Vol. 2, Issue 1
January 2004

Finish Faster in 2004!



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Effective January 1, 2004, the CAN-SPAM ACT of 2003 (a/k/a "Controlling the Assault of Non-Solicited Pornography and Marketing Act of 2003") (the "Act") supersedes existing anti-spam laws in thirty-six states.

The Act applies to U.S. businesses who send commercial e-mail and is defined in the Act as "any electronic mail message the primary purpose of which is the commercial advertisement or promotion of a commercial product or service (including content on an Internet web site operated for a commercial purpose)." (section 3(2)(A)). However, it is important to note that the inclusion of a reference to a business or a link to web site in an electronic mail message does not, by itself, cause such e-mail message to be treated as a commercial e-mail message for purposes of the Act if the contents or circumstances of the message indicate a primary purpose other than commercial advertisement or promotion of a commercial product or service.


Section 5 of the Act prohibits initiation of commercial e-mails that:

  • Contain or are accompanied by a header, source, destination or routing information that is misleading or otherwise false.

  • Contain knowingly deceptive “subject” headings or subject lines that are in any way unclear or inconspicuous in identifying that the e-mail is an advertisement or solicitation.

  • Do not contain an operational return e-mail address or other electronic reply mechanism. The address or other mechanism must be operational for a minimum of 30 days after the initiation of the e-mail (unforeseen technical difficulties are excepted).

  • Fail to provide the recipient with an "opt-out" option which effectively stops receipt of further messages. (“transactional or relationship” e-mail messages excepted).

In addition, the Act makes it unlawful:

  • To fail to honor requests for removal from future e-mails within 10 business days after the receipt of such request.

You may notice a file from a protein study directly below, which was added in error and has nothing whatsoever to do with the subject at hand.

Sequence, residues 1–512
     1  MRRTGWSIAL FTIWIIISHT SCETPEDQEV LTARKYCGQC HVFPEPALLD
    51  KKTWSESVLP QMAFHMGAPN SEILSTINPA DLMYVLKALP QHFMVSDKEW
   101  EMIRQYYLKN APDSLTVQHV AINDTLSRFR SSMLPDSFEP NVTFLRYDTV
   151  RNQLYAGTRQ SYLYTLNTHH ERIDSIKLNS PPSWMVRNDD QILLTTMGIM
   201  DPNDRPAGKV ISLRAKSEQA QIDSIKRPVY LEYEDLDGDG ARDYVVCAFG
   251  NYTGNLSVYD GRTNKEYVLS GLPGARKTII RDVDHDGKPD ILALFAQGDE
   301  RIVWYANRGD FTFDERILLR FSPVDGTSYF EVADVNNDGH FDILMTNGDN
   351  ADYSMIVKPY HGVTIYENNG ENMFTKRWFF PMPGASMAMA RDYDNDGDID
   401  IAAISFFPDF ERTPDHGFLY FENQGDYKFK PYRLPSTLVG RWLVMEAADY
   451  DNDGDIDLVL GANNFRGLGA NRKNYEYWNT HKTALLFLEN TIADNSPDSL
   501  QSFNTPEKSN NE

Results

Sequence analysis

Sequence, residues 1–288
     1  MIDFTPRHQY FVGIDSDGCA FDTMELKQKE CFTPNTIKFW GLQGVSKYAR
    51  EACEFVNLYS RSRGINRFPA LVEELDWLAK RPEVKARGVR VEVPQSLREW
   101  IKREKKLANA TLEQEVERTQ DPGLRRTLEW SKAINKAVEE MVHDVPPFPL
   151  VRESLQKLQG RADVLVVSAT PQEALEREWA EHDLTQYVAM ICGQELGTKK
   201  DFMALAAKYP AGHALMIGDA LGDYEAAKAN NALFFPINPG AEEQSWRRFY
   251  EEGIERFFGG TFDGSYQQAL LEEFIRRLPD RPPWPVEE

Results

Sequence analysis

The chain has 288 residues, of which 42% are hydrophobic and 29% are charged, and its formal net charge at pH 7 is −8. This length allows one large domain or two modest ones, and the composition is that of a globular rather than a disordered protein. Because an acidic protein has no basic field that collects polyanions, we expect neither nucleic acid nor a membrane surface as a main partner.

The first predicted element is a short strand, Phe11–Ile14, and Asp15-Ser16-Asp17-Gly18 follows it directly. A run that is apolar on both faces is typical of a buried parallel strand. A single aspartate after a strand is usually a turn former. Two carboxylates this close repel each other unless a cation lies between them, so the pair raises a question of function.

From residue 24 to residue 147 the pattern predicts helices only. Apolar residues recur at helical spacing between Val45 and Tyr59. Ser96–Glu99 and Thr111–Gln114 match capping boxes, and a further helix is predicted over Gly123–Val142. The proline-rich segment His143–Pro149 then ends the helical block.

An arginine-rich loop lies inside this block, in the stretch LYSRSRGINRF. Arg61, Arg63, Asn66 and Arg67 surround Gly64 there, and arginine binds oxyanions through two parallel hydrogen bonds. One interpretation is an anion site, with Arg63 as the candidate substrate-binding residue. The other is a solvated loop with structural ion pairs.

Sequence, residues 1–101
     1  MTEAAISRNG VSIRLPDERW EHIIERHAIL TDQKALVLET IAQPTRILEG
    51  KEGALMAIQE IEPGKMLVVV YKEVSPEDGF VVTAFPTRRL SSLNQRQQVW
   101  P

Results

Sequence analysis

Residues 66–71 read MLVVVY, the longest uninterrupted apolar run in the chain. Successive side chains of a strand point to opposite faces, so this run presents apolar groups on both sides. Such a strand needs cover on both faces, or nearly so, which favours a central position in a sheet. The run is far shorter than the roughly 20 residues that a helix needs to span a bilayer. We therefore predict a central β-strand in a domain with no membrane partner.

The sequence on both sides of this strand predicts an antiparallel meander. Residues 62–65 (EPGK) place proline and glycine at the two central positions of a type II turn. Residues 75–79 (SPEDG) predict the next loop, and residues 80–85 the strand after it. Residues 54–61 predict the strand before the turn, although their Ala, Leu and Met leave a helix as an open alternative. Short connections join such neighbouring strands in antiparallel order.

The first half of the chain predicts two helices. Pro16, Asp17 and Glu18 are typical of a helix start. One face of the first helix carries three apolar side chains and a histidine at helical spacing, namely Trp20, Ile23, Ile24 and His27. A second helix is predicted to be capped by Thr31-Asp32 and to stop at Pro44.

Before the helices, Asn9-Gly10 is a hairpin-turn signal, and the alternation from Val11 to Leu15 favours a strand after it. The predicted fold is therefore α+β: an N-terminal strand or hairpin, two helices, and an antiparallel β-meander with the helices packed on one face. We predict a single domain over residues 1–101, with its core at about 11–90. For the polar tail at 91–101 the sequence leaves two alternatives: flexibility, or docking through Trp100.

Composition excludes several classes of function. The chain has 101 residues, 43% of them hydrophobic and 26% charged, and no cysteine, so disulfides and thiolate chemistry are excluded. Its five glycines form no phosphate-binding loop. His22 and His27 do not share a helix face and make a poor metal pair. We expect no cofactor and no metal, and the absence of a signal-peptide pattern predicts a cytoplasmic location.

• For anyone to sell or transfer the e-mail address of a recipient who submitted an opt-out request.

  • For a commercial e-mail not to include a valid physical postal address for the sender.


The Act defines “aggravated violations” that trigger more severe penalties. They are:

  • Obtaining e-mail addresses from web sites with explicit policies prohibiting the sale or transfer of e-mail addresses;

  • Obtaining e-mail addresses through automation such as "generating potential e-mail addresses by combining certain names, letters and numbers into numerous permutations" or "as registering for multiple e-mail accounts or online user accounts" that are used to generate spam; and

  • Retransmission through computers with unauthorized access.

The Act prescribes civil penalties enforced by the Federal Trade Commission ("FTC"). The FTC also has authority to promulgate regulations pursuant to the Act. Several actions are slotted for the next 6 to 24 months including the creation of a "DO NOT E-MAIL" list.


Companies relying on e-mail to keep in touch with customers should be compelled to take stock of current practices. It has become imperative for companies to develop protective e-mail methodologies and policies compliant with the Act. Certain actions that may be taken include the following:

  • Make sure your unsubscribe system works.

  • Use a confirmed or double opt-in system.

  • Be honest in the manner used to obtain e-mail addresses.

  • Be aware that sending e-mails to potential reciprocal linking partners whose e-mail address is identified by automatic means is illegal under the Act.

  • Avoid CDs or downloads of e-mails addresses from so-called "opt-in" or "safe" e-mail address services. You'll be responsible for the legality of purchased or rented lists.

  • Affiliates Agreements - Ensure that terms of the Agreement regarding e-mails are prohibited and any breach of such prohibition is considered cause for termination.

Depending upon the capability of your IT department, it may be helpful and cost-effective to use an "opt-in" or "permission-based" marketing campaigner such as Gotmarketing. Among many benefits, Gotmarketing helps to (a) assure that their client activities are compliant with current laws, and (b) protect databases of e-mail addresses from theft and (c) assure that opt-out clients are unsubscribed as requested.


CAN-SPAM ACT of 2003 represents an attempt to control spam and alter the ways in which businesses conduct e-mail marketing practices. This issue of LeapLaw's Ledger is meant to be a summary of the Act and should not be considered legal advice. LeapLaw subscribers are kept up-to-date through the LeapLaw database.

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